Sending Frontline Workers Back To School Is A Good Idea, Jobs Researcher Says

May 11, 2020

A cashier rings up a customer in Macomb last month
Credit Paul Sancya / AP Photo

Thank you, front-line workers. It’s a message you see everywhere in the COVID-19 pandemic. Governor Gretchen Whitmer says she’d like to put some substance behind the gratitude. Whitmer’s proposed a program – Futures For Frontliners – to pay tuition for workers who want to earn a degree or certificate. Michelle Miller-Adams thinks that’s an excellent idea. The senior researcher at the W.E. Upjohn Institute for Employment Research said so in a recent op-ed in Bridge Magazine.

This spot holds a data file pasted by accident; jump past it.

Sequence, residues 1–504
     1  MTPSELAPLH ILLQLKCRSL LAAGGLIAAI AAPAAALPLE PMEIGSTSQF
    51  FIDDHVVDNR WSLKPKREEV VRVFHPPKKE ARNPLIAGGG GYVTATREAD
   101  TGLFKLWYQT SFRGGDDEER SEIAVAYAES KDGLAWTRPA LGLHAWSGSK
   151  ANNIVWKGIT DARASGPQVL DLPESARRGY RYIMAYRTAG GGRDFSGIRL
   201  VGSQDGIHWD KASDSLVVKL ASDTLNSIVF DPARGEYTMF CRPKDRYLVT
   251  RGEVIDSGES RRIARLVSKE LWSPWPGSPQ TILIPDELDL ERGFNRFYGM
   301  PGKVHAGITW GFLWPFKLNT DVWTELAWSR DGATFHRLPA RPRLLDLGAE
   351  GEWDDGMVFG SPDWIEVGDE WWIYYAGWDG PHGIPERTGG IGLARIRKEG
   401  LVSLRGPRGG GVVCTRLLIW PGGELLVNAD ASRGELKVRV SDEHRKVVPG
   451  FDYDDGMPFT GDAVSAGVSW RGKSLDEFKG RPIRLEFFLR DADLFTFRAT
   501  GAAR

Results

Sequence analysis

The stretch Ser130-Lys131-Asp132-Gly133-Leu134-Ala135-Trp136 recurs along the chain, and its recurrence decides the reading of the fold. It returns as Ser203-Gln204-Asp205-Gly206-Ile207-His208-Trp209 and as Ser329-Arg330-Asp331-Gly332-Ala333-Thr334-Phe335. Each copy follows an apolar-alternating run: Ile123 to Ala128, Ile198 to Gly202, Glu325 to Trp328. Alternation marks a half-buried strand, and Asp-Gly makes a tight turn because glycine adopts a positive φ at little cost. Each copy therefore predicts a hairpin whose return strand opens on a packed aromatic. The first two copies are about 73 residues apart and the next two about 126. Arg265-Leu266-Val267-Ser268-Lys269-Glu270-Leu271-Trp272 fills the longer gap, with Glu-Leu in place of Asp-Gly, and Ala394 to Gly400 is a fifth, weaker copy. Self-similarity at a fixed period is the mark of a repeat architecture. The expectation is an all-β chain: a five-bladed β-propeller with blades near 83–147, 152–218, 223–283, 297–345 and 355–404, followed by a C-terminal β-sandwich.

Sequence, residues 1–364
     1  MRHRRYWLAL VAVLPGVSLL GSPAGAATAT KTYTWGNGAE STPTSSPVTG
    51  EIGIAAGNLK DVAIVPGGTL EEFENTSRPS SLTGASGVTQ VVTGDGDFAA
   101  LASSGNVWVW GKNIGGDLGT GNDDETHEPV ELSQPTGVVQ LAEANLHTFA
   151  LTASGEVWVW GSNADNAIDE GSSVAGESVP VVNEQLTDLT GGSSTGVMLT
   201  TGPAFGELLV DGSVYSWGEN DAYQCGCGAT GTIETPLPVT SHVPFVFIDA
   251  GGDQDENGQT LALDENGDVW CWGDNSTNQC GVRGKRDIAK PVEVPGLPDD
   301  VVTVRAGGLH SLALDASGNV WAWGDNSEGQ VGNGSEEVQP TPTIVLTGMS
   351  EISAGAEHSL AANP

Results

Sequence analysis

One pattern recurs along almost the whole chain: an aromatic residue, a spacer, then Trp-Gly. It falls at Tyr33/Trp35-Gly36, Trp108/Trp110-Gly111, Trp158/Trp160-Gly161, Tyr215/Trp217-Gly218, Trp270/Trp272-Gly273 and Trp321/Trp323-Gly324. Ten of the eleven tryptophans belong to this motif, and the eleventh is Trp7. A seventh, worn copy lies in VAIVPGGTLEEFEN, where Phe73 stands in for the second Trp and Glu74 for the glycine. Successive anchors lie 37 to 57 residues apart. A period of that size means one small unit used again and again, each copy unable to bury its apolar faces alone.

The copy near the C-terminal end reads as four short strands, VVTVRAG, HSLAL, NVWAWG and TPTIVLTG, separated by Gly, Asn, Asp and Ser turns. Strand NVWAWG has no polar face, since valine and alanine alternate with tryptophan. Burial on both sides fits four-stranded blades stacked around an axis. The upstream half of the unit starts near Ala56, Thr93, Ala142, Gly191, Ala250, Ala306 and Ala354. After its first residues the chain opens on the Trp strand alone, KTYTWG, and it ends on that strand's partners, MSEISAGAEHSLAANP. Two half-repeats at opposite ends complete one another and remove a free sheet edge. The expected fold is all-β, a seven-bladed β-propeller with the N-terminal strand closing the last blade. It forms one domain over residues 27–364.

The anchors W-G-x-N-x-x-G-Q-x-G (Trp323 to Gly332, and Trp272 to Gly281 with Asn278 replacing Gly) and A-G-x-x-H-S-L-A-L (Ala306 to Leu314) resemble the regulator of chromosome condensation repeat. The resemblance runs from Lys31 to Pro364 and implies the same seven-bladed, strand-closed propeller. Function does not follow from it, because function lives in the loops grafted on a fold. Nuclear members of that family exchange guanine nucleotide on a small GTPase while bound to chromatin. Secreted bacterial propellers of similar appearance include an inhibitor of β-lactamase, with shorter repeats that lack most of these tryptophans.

Miller-Adams explains the benefits and limits of “last-dollar” scholarships, and the bill’s prospects in the legislature, in an interview with WMUK. She says Futures For Frontliners is actually a canny revival of a tuition program that got zeroed out in the shutdown, Michigan Reconnect.

“There was strong support for the bill,” she said. “It was approved by the Legislature and funded, $35 million in March.” The governor signed it, but a few days later, that money got pulled for coronavirus relief.

“The governor is very politically savvy,” Miller-Adams said. “I think it’s very hard to oppose the idea of letting frontline workers who don’t have degrees go back to college tuition-free.”

“Even though the unemployment picture has changed,” she added, “the need for a credential or degree is just as strong because if you have one of those you’re way better positioned to get a decent-paying job than if you don’t. And many of those low-wage workers that are in those frontline jobs that we’re all busy praising and thanking and clapping for and buying meals for don’t have degrees.”